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Frontier of Discovery?

  1. Apr 7, 2012 #1
    Hello all, currently I am a Junior in High-School and I would like to go in to a technical field such as engineering or maybe even become a physicist. My main priority for a job is to work in a field where I have the opportunity to discover something significant and to advance a frontier of science.

    I have ambitious goals but I am not sure how many areas of engineering and physics my goals apply to. For example, if I go in to mechanical engineering, I assume that such a field has already been mostly mapped out in terms of new things to discover or, perhaps, I am just ignorant as to what actually transpires in such a field. I do, however, want to avoid aerospace engineering because that is what my brother is doing.

    What fields of engineering/physics would allow me to participate in making a significant discovery?

    Also I heard that if I get a degree in physics I won't be able to do any physics jobs until I get a masters/doctorate degree. Is this true?

    Finally, for those engineers out there in any field what is your job actually like on a daily basis?
  2. jcsd
  3. Apr 7, 2012 #2


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    Hey Garmeth and welcome to the forums.

    One thing I would like to point out for 'significant' discoveries is two-fold:

    a) Significant is hard to determine not only as a metric: in other words different people interpret what significant really is. Some people say the number of citations gives this metric for significance but it is really subjective.

    b) People may not consider something significant even when the author is alive: it might end up being rediscovered in another context unknowingly or someone way in the future might be working on something and then he sees your discovery and realizes its significance then.

    What the above is alluding to is that even if you do figure out something signicant then chances are it won't be recognized as such.

    The other important thing is that a lot of significant breakthroughs are occuring with projects involving more and more people from almost disjoint backgrounds in some cases tha complement each other.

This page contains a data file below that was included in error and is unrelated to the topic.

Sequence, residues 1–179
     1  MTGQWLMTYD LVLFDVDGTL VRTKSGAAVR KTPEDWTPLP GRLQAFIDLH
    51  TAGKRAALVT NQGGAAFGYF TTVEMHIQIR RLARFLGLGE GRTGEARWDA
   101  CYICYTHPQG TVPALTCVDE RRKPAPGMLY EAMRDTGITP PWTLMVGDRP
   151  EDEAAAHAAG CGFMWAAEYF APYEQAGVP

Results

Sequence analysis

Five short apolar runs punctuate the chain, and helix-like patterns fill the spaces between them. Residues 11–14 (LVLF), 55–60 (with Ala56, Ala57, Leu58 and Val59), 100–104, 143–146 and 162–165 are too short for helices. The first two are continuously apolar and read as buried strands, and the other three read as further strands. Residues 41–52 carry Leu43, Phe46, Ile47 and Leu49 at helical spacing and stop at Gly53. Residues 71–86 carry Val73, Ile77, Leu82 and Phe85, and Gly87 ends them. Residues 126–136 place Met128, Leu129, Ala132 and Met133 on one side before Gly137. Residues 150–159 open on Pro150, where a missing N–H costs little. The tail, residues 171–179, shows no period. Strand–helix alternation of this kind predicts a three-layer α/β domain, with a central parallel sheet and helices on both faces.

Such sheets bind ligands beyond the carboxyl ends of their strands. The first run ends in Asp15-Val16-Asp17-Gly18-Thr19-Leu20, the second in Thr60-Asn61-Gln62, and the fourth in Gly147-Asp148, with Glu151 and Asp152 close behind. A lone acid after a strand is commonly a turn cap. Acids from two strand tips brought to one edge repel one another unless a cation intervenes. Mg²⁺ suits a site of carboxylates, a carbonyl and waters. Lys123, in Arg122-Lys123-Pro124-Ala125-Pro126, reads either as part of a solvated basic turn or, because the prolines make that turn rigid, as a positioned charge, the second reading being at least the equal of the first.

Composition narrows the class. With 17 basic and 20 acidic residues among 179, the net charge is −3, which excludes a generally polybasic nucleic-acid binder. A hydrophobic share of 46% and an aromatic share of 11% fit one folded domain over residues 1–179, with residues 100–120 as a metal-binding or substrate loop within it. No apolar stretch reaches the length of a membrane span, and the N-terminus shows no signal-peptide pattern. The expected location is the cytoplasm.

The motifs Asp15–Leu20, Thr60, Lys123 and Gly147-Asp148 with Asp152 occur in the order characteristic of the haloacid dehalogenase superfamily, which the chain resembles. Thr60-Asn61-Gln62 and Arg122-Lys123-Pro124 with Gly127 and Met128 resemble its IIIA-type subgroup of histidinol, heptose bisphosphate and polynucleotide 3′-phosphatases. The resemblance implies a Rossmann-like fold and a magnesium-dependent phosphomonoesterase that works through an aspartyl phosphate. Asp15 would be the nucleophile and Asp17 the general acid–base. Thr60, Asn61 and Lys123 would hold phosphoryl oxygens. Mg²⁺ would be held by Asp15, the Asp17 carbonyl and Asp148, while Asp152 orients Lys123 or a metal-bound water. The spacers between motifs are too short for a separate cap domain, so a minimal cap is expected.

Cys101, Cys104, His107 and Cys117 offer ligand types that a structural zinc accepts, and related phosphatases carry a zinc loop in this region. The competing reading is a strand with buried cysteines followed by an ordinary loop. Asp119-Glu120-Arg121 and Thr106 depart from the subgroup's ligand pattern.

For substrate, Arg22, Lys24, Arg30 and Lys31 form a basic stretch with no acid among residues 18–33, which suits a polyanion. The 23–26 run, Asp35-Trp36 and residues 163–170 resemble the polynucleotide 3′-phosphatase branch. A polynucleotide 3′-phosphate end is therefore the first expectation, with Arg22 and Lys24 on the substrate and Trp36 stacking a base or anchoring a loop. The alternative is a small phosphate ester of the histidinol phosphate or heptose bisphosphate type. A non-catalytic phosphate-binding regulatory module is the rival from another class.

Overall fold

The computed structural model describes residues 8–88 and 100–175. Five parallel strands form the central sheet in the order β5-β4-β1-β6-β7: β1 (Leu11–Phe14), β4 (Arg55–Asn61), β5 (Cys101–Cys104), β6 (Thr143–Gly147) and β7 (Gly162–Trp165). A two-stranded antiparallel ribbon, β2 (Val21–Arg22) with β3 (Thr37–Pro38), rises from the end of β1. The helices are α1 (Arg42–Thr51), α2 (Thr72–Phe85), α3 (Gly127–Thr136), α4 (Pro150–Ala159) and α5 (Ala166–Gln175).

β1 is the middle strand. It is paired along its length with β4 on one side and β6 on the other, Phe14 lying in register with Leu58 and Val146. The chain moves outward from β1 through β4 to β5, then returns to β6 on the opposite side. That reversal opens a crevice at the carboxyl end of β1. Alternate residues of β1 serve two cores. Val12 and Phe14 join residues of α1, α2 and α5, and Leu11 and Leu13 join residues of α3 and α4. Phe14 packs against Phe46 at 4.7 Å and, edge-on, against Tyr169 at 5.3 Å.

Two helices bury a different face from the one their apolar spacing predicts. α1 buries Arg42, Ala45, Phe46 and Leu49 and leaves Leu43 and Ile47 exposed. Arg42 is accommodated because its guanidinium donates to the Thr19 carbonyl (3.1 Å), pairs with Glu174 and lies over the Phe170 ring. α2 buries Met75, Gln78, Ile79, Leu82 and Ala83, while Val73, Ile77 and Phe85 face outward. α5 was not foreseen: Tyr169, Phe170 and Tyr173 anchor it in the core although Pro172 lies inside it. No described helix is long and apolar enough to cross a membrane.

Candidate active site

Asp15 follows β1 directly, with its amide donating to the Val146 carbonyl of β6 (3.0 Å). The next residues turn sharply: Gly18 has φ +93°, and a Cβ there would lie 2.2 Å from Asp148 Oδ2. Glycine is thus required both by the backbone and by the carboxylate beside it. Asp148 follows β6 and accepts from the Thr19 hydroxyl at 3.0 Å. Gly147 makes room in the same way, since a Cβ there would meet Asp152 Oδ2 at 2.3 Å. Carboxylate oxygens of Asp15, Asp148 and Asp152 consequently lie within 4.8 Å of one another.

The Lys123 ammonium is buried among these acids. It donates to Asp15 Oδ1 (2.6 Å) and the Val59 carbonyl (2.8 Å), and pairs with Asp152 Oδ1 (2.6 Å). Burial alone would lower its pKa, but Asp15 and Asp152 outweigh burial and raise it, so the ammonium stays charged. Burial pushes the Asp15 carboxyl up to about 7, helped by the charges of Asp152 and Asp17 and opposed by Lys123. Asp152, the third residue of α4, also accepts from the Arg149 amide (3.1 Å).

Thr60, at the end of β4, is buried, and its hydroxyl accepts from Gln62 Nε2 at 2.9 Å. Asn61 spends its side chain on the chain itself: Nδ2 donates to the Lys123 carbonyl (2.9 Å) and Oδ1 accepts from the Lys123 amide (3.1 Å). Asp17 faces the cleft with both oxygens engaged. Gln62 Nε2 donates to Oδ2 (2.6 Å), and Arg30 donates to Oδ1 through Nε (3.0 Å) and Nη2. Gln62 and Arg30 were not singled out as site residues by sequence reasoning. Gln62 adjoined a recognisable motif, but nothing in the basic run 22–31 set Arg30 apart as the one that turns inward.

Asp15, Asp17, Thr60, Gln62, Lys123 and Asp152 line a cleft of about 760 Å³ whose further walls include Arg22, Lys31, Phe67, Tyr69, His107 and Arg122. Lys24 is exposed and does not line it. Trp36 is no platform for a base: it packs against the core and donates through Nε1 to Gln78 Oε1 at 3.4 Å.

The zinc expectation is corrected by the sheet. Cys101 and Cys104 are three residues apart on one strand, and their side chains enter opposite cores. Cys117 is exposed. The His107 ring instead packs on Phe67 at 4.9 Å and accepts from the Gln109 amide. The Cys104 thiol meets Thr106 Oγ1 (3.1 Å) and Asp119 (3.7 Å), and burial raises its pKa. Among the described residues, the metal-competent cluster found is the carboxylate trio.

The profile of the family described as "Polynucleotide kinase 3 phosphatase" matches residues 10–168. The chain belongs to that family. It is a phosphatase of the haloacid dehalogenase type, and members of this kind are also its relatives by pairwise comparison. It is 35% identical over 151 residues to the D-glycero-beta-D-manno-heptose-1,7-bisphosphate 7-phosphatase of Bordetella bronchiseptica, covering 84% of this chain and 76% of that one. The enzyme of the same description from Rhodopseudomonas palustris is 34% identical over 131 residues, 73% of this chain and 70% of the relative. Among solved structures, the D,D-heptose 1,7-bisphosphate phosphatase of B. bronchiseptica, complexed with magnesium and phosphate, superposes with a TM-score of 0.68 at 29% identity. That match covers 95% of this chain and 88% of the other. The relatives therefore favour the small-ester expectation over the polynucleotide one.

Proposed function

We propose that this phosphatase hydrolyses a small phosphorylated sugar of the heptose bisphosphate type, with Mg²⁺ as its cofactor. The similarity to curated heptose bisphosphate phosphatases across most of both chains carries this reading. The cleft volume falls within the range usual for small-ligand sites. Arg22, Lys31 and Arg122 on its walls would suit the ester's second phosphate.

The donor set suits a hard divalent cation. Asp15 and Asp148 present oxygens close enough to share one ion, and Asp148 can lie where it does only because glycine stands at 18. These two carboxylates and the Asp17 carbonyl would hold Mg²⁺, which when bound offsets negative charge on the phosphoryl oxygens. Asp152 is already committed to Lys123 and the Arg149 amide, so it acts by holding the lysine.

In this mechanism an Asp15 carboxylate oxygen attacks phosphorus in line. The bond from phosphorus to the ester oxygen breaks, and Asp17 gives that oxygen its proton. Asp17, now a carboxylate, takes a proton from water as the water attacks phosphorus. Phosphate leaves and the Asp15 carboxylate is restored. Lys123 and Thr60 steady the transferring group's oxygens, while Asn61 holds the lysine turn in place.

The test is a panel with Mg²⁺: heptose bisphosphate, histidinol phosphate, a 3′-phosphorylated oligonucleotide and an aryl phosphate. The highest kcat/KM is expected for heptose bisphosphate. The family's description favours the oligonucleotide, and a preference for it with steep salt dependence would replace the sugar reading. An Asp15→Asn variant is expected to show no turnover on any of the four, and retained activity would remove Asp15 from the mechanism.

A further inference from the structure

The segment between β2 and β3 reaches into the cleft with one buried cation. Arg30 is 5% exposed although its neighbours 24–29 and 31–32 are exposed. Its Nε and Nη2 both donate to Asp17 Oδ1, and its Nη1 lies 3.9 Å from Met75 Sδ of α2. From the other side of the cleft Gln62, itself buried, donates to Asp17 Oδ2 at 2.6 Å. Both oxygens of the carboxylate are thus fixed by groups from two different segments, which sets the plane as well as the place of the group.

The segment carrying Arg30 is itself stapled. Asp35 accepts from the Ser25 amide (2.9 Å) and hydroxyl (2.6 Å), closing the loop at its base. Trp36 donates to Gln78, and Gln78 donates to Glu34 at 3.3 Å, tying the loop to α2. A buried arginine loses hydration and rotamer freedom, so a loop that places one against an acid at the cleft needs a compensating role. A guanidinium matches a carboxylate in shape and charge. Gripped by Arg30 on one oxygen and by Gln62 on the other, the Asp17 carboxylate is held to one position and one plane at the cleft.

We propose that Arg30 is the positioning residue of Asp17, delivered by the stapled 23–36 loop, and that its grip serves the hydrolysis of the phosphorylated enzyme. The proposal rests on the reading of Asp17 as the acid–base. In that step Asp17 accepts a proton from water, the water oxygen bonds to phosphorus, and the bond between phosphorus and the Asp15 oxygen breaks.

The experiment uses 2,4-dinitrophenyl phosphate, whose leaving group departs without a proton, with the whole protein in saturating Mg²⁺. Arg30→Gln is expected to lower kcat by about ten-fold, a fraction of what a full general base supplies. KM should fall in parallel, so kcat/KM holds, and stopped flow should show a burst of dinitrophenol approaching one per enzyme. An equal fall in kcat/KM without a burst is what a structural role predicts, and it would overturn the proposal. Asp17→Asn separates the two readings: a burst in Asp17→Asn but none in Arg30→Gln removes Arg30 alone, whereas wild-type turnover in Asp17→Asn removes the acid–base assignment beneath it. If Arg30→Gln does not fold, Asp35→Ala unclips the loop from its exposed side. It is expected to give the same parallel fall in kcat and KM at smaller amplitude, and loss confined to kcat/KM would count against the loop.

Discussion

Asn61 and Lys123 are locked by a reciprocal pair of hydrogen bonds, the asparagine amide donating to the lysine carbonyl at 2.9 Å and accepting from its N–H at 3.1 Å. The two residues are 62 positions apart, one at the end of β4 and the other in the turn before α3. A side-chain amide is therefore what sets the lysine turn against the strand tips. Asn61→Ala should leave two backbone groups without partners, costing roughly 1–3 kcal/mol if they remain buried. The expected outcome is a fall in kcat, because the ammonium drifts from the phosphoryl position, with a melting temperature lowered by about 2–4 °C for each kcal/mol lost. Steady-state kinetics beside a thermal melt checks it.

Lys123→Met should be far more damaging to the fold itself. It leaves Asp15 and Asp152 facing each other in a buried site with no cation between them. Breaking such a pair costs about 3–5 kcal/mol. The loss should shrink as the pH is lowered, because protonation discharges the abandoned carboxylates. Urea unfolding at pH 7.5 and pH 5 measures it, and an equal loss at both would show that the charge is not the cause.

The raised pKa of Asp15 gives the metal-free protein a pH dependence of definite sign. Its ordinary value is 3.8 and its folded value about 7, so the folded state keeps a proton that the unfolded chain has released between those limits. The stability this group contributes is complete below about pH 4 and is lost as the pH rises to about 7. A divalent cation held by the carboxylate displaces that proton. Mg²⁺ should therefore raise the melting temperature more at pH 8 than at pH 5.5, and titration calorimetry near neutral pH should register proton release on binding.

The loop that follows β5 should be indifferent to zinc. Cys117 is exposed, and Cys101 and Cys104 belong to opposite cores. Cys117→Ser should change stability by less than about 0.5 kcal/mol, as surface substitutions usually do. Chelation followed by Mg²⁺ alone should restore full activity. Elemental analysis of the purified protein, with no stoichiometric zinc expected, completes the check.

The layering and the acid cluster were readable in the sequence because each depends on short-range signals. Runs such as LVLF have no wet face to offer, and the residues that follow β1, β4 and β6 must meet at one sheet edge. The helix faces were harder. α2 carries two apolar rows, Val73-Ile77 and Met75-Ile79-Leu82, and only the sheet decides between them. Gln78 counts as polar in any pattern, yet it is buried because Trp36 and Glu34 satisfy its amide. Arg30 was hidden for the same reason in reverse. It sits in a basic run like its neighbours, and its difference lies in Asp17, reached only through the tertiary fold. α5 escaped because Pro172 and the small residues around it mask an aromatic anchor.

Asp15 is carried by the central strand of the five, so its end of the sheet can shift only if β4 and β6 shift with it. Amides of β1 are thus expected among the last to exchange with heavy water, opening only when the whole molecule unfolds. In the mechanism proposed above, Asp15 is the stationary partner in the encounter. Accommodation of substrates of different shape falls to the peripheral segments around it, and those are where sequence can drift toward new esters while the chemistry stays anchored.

As an indicator take a look at the number of textbooks, journals, and projects that are out there nowadays. Think about for example the human genome project and the number of people and in particular their expertise in comparison with the others.

    If you want an example go to arxiv (google this if you don't know) and just browse through some of the topics to see how many papers there are. Now this is just one source for information. This can give you an idea of how much there is to digest.

    The final thing I want to add is that you need to have an idea of specifically what you want to investigate before you can even begin the process of accumulating knowledge and transforming it into something new. The earlier this is done, the sooner you will begin the process. For a bit of inspiration look at the problems out there: not just the theoretical problems but also the practical problems that people face every day.

    This is a good place to get an idea for these things and remember there are an endless supply for problems. The problem will have some kind of personal connection with you in some way but realize that you will never have trouble finding a problem to work on.

    One metric I would use for how significant a solution would be for a problem is how many people it affects both directly and indirectly. Most people buy for example iPhone's and they have no idea how everything comes together and works but people benefit from this. Same with a lot of things: people drive over bridges but they have no idea how it all works but they still appreciate the fact that they can drive from point A to B and the bridge doesn't collapse.
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